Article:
At the time when one of the upper strata was being formed, the lower stratum had already gained the consistency of a solid ... At the time when any stratum was being formed, all the matter resting upon it was fluid, and therefore, at the time when the lowest stratum was being formed, none of the upper strata existed.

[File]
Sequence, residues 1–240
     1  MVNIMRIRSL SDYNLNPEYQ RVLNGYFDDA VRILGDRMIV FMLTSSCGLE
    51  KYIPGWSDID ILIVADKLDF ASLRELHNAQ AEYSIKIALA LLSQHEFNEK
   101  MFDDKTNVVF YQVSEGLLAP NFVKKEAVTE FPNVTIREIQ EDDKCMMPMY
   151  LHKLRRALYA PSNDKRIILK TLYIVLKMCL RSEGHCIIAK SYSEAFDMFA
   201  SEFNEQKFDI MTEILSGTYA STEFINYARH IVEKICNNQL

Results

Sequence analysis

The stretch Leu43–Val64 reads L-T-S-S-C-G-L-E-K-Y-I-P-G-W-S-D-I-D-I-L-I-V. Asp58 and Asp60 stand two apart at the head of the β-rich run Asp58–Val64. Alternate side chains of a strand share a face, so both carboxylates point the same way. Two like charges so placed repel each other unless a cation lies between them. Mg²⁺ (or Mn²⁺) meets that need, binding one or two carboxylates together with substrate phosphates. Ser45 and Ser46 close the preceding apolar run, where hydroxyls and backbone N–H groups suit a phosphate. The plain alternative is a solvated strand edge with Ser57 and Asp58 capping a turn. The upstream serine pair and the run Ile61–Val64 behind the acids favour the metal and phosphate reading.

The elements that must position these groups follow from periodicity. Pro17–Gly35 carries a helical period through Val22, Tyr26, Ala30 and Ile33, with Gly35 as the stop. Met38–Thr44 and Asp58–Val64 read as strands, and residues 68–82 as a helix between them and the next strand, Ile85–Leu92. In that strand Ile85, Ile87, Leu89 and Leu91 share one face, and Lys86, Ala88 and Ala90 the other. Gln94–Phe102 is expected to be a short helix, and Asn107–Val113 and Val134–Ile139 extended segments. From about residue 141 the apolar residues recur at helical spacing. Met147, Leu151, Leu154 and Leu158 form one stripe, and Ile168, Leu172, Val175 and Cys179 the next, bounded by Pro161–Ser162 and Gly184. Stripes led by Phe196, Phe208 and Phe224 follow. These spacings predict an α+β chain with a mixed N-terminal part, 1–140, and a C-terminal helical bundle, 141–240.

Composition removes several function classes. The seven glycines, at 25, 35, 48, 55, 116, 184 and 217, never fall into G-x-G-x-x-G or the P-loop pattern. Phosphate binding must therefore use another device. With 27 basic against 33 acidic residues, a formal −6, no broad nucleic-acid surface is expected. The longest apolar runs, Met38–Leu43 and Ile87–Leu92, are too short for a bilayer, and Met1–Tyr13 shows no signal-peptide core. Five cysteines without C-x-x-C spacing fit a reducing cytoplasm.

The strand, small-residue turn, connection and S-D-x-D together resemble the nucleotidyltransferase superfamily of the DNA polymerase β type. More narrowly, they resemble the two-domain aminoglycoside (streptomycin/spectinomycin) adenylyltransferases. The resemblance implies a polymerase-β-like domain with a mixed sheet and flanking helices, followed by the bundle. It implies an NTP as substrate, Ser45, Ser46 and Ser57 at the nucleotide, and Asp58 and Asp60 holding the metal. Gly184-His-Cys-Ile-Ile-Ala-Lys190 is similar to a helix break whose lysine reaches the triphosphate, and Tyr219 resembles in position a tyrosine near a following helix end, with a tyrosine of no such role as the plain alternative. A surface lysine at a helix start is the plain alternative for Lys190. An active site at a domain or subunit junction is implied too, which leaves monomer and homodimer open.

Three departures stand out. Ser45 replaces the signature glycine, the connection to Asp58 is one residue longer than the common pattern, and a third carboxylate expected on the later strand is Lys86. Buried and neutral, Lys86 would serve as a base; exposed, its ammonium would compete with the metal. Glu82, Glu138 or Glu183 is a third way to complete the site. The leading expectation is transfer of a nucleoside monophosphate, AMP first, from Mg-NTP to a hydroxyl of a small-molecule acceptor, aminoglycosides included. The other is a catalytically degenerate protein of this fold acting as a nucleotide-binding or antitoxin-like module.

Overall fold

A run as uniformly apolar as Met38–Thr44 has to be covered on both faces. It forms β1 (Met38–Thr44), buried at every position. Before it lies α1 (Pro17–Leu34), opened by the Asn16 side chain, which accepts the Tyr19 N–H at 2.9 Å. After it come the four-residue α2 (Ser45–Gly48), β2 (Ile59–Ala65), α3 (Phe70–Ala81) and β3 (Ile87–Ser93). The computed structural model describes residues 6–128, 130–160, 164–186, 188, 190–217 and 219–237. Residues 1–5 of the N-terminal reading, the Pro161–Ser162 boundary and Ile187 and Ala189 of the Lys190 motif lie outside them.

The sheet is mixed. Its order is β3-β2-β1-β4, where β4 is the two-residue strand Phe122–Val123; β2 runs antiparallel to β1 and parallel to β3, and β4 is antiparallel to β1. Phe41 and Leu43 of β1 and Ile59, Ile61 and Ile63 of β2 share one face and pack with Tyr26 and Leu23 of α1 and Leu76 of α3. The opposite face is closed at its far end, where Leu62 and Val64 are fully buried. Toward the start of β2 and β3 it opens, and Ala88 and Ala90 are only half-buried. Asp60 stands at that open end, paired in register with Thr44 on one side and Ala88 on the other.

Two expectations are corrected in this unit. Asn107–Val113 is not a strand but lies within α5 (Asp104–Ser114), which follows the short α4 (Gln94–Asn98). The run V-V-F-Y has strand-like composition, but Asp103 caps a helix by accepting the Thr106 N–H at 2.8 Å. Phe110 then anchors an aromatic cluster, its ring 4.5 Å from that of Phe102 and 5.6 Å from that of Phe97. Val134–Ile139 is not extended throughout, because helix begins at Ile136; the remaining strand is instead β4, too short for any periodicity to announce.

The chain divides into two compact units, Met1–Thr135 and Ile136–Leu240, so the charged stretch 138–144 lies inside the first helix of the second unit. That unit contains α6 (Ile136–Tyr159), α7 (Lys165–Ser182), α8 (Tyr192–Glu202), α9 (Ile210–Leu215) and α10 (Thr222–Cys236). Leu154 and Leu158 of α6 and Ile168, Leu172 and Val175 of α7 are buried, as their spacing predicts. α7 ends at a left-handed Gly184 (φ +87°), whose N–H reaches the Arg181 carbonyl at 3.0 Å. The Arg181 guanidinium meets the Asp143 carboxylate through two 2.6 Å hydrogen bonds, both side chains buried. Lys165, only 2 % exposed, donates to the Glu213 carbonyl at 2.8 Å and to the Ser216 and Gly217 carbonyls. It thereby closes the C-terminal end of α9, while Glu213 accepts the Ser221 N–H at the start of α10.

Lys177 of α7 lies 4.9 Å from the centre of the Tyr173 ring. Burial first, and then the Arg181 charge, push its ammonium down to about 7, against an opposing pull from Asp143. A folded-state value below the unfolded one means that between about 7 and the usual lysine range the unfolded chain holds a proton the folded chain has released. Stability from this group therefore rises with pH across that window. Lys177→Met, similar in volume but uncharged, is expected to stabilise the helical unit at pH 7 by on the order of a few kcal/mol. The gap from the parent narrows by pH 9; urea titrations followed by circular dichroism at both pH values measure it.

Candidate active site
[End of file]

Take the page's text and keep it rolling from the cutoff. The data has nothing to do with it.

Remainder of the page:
In other words, Steno proposed that the layers of rock were laid down one layer at a time with the layers on the bottom being older than the layers on top. Steno performed no experimentation to test this claim, and as Berthault points out, when it was actually put to the test in the field by Johannes Walther in the late nineteenth century, it was discovered that Steno was very much mistaken. Berthault builds on Walther’s discovery by demonstrating that the results found in the field can be reproduced under controlled circumstances in a laboratory. Both the field studies of Johannes Walther and the laboratory experiments by Guy Berthault show that multiple layers of rock in Earth’s crust formed simultaneously as the result of natural particle sorting.